How To Become A Freelance Journalist

While the character Carrie Bradshaw in Sex In The City made being a freelance journalist look like a glamorous job, it does take a lot of hard work and discipline to make it – especially if you are just starting out.

So if 9 to 5 really isn’t your style, and you don’t like being cooped up in an office wearing stuffy *office attire* then a career as a freelance journalist might just be the career for you. Magazines and newspapers all around South Africa rely on freelance journalists to work in specific areas – words are in high demand. From film reviews and music to science and environmental articles. The hardest part of all is getting started – but having a fat portfolio of published work and a knack for networking is the key to kick-starting your career in freelance journalism.

So where do you get published????? Seeing your first by-line in print is an amazing *high* and just being acknowledged for your work is incredibly rewarding. Before you start you need to read a lot and then read some more – you need to know all the publications out there and the content they publish. Next time your local paper arrives take the time to read through slowly and see what it is they publish, do they focus on sports, local events, people, restaurants…….

Many freelance writers write with specific magazines or newspapers in mind, so you need to work out who your target audience will be if you want to earn a living. Take a look at your local publisher, get to know what they print, note down the tone and style of their magazine or newspaper – try and read some back issues to get an understanding of what they are about. Remember editors receive lots of articles, so to get noticed, you need to have a game plan.

Generally you would write your article first ensuring the story is true and of good quality, editors have eagle eyes so double and triple check that your spelling and grammar are immaculate. If possible try and download their style guide if it is available online and make them fall in love with you. Check that any quotes used, names and titles are spelt correctly with a clean double-spaced copy being your ticket to landing the job.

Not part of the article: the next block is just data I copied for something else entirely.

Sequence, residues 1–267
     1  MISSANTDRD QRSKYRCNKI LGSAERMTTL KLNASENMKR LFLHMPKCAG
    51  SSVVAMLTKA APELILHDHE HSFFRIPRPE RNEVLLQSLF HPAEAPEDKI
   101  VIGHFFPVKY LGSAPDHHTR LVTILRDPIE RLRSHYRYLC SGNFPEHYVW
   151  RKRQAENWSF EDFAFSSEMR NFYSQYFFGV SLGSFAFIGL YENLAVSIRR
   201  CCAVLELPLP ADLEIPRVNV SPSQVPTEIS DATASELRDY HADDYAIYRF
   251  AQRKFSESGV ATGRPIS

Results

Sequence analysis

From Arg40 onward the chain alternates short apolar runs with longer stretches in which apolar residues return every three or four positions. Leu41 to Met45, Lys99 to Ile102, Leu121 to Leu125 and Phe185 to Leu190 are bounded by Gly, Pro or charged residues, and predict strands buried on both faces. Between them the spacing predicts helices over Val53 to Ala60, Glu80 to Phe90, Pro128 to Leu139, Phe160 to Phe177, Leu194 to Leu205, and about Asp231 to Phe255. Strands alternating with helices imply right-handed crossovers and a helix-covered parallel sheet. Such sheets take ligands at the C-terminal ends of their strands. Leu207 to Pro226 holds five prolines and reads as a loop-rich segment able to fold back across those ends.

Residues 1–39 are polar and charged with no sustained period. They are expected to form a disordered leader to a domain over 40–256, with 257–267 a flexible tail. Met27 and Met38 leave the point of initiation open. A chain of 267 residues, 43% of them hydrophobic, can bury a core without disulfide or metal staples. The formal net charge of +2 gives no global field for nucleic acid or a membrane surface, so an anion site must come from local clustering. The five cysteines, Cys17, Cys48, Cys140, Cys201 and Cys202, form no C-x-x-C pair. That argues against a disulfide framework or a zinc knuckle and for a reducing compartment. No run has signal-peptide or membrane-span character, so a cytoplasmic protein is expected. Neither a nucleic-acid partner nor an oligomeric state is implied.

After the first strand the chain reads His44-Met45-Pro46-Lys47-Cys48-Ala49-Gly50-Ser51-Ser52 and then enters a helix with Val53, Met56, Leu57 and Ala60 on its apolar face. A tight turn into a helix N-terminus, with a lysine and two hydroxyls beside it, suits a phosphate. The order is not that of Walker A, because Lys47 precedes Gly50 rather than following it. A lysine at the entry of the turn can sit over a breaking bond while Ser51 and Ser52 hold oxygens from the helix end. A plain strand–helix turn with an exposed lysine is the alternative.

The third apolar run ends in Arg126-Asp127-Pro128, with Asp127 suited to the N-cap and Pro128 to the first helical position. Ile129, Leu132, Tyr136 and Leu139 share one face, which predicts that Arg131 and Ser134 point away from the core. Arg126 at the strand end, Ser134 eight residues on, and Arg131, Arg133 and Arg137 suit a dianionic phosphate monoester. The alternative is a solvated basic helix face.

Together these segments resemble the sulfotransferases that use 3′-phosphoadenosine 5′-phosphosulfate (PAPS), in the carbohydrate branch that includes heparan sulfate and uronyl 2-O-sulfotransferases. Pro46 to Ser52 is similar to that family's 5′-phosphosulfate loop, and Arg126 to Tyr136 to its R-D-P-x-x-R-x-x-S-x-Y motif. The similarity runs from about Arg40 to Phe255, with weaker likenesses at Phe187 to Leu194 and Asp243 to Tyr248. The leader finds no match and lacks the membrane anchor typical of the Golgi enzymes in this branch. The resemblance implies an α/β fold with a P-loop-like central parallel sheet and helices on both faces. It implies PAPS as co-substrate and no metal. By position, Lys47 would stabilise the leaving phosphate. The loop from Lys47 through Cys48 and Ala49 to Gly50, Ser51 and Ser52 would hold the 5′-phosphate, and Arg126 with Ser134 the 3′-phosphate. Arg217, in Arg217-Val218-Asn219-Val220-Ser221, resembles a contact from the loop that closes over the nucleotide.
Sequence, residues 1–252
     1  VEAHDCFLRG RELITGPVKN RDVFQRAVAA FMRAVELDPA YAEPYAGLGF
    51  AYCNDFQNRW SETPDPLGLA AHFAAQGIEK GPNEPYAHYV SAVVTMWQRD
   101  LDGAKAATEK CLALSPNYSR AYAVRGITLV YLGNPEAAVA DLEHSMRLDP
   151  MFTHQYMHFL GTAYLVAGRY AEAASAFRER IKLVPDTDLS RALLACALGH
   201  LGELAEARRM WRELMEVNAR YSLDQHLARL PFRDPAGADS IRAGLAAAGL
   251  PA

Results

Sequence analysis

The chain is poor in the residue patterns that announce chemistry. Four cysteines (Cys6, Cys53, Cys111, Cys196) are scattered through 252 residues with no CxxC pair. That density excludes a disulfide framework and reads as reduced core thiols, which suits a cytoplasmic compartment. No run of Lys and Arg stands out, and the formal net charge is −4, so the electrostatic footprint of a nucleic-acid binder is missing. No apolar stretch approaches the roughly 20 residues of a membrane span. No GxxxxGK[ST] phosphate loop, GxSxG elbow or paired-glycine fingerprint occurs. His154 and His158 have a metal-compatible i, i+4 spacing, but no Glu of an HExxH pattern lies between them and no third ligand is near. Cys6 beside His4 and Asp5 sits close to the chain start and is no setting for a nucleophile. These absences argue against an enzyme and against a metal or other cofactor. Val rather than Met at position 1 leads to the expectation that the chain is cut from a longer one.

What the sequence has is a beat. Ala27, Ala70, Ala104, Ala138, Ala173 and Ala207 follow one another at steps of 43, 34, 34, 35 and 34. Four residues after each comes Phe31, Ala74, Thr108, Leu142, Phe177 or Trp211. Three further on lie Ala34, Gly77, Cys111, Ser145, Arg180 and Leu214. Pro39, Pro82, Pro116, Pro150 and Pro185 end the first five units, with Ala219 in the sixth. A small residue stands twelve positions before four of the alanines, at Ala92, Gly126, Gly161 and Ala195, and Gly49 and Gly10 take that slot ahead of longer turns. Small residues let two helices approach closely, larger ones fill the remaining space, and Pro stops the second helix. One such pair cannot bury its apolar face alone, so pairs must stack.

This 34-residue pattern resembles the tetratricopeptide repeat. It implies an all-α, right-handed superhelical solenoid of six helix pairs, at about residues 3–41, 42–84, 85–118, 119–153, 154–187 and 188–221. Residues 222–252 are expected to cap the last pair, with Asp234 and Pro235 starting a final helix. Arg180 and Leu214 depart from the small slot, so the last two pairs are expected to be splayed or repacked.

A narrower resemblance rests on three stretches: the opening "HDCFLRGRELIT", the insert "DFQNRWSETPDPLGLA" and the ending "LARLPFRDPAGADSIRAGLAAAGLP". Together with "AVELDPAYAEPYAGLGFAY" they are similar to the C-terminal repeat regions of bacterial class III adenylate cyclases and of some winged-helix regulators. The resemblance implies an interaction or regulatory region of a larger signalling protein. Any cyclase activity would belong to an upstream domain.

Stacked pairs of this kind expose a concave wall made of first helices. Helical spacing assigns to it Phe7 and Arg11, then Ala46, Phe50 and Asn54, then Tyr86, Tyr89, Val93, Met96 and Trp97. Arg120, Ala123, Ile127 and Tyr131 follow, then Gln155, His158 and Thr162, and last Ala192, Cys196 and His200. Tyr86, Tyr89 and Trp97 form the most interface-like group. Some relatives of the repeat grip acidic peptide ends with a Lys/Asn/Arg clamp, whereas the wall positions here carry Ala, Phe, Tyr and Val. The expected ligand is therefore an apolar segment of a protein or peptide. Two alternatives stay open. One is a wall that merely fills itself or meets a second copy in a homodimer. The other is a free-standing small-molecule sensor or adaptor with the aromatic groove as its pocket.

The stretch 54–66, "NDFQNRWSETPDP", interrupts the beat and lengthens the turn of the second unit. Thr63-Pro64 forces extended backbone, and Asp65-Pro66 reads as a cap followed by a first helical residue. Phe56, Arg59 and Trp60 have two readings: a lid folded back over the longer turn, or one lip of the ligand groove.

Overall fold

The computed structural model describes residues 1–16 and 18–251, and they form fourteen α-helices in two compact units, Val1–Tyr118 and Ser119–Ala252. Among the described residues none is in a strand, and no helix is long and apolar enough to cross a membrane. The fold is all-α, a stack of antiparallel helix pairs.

Include a cover letter with your name, address, phone number and a short description of the article; if you have never been published before do not expect to get paid on your first try. If you have been published before, send them the links to your online articles, and don’t feel uncomfortable about asking to be paid – the worst they can say is NO!

In your cover letter you need to make an impression – quickly – explain that you are a freelance journalist and describe the article you have submitted in a few lines. If you make it snappy and appealing they will want to read more. It’s also practical to add a deadline date for them to get back to you – but do this tactfully; you do not want to look pushy – or desperate.

Do not send your article and cover letter to the email address of your publisher, instead deal with them directly, ring and set up an appointment with the editor. Editors are real people too and they all started somewhere with many of them fantastic people who are willing to help out newcomers who show potential and talent.

Writers are not loners with no social skills, so if you have sent out articles and haven’t heard back pick up the phone and give them a call, remind the editor who you are and ask about the status of your article. A phone call reminder also shows your commitment and it’s easier to talk to the editor for feedback and to answer any questions. Just remember if this is what you want to do – don’t give up!

Have you considered a career as a freelance journalist? Are you a freelance journalist? Do you have some tips to share?



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